In my series “Invasion of the Bible Snatchers,” I tackle concordist interpretations of biblical texts that attempt to ascribe to those texts some sort of prescience that anticipates later scientific discoveries. My problem with such interpretations is that they attempt to wed texts written for ancient people to ideas formulated by modern ones. Such an activity is both anachronistic as well as eisegetical. Christians who persist in such mishandling of the Bible would do well to abandon the project entirely, if for no other reason than it makes their beliefs appear ridiculous.
A related but no less problematic course of action is to take the supernatural elements of the biblical text and (for lack of a better word) tame them such that they can be explained using natural phenomena. Young Earth Creationists often do this with the Noachian Flood. While the biblical authors envision a world in which an ocean of water exists above the firmament dubbed “windows of heaven” (Genesis 7:11; cf. 1:7-8), these creationists will often posit other explanations that feel more scientific, like the idea that the antediluvian world was surrounded by a canopy of water vapor. Since the scientific evidence is clear that our planet is surrounded by the vacuum of space and not an ocean of water, the “windows of heaven” that allowed water to pour on the earth cannot refer to such an ocean and there must be some more “scientific” explanation.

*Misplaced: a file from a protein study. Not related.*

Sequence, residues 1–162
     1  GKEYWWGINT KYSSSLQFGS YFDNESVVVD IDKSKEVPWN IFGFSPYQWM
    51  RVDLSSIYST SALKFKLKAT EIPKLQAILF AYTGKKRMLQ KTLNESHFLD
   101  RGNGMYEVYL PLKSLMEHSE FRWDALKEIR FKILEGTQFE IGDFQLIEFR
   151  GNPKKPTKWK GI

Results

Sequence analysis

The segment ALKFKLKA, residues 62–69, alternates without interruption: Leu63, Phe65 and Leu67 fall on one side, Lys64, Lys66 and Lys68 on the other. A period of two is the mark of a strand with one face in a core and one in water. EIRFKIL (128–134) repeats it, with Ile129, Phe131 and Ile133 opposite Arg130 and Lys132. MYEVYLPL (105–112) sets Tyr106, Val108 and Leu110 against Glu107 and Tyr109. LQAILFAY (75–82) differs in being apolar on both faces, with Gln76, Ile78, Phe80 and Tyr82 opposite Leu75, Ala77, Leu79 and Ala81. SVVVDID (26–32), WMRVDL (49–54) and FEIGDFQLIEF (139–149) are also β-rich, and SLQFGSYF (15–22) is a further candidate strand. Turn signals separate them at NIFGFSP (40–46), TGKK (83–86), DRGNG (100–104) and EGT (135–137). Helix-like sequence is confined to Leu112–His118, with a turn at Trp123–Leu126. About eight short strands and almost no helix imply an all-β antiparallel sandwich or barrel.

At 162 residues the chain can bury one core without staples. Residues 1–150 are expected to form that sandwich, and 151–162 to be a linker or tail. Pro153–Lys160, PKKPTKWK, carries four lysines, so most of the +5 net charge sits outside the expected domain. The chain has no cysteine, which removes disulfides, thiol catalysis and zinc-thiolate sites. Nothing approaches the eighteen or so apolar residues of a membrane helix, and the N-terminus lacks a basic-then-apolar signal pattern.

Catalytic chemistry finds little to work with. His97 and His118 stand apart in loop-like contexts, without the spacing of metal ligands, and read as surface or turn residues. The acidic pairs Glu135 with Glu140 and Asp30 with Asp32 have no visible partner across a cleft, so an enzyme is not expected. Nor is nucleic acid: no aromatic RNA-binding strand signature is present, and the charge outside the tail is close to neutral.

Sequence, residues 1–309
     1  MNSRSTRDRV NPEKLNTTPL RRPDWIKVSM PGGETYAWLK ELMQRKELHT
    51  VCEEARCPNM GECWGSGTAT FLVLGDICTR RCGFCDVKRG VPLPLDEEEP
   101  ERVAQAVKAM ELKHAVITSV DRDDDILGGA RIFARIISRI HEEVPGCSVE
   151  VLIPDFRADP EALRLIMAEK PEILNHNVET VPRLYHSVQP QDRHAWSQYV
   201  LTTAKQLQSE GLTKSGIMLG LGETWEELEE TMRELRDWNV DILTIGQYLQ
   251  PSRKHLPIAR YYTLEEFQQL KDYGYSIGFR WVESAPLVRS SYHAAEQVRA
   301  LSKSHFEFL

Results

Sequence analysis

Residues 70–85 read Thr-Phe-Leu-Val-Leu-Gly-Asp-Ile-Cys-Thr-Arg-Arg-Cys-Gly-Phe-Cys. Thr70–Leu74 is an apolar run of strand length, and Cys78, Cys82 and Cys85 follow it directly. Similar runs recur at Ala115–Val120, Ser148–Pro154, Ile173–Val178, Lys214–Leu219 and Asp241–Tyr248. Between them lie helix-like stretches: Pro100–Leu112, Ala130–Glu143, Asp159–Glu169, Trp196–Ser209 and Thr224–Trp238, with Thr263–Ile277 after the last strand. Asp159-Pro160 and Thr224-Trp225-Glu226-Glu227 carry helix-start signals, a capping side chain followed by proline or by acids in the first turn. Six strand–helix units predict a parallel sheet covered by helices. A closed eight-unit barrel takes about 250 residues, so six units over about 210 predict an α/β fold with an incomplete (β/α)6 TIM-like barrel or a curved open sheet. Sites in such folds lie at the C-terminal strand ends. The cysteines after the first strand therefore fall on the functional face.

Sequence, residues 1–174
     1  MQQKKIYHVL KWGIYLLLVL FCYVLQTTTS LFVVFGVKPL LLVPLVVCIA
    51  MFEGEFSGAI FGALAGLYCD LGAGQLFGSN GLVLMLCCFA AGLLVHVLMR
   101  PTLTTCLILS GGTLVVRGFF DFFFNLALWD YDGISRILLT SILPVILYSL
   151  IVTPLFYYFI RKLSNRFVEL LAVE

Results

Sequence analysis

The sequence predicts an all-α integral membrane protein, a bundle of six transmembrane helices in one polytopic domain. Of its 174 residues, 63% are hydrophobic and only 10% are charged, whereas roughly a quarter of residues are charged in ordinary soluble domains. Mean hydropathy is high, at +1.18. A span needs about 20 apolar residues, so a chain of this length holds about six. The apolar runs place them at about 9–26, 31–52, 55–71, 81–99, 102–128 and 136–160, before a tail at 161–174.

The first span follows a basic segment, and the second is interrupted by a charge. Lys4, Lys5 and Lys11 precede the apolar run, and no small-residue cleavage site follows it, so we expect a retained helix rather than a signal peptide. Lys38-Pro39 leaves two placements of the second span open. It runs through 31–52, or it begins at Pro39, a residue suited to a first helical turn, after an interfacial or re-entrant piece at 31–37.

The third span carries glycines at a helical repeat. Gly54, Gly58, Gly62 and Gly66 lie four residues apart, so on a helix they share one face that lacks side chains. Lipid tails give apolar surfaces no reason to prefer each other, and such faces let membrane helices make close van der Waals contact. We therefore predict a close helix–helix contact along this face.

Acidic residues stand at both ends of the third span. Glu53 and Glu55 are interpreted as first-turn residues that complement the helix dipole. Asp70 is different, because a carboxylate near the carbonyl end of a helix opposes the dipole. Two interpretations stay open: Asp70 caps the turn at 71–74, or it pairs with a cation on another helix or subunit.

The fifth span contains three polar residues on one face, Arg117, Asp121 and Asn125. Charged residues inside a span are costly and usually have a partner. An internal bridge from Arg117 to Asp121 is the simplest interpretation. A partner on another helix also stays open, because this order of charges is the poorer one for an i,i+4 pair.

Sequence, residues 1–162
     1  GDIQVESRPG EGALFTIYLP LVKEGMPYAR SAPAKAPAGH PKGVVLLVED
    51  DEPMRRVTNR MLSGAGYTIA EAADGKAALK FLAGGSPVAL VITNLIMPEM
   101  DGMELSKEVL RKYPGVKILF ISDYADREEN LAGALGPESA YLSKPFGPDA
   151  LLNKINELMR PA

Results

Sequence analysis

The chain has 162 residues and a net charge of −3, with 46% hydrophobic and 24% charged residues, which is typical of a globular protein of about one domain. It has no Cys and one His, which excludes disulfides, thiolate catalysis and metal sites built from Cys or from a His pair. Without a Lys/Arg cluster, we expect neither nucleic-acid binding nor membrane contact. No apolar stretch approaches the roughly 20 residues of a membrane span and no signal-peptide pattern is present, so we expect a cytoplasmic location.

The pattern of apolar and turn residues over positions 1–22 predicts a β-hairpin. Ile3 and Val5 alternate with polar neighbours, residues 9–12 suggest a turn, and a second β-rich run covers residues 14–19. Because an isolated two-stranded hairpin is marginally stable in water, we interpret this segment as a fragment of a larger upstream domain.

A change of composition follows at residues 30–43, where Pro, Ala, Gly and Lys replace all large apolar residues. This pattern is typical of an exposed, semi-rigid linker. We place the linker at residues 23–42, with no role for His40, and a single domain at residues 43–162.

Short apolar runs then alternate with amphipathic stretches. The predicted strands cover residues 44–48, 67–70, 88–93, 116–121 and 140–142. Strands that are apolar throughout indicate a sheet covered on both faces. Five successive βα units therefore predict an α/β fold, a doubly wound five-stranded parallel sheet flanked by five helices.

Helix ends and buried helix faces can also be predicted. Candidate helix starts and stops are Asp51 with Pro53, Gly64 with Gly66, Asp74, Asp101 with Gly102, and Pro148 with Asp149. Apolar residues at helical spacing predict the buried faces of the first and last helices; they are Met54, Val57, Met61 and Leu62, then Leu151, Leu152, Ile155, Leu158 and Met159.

Such an approach has also been applied to the plagues that Yahweh brought upon the Egyptians in the book of Exodus. One of the premiere examples of this is the 2006 documentary The Exodus Decoded. In it Simcha Jacobovici and his peers suggest that the events described in Exodus 7-12 coincide with the eruption of a volcano in nearby island of Thera sometime in the middle of the second millennium BCE. But while this attempt at taming sounds scientific, Twitter user and blogger @bibhistctxt shows that it is fraught with difficulties. He has begun a series over at his blog explaining why Exodus Decoded is wrong that is both enlightening and accessible. The first article covering the first plague can be found here.
 The story of Noah and the Flood is a pastiche of two different stories. See Richard Elliot Friedman, Who Wrote the Bible? second edition (New York: HarperOne, 1997), 54-60.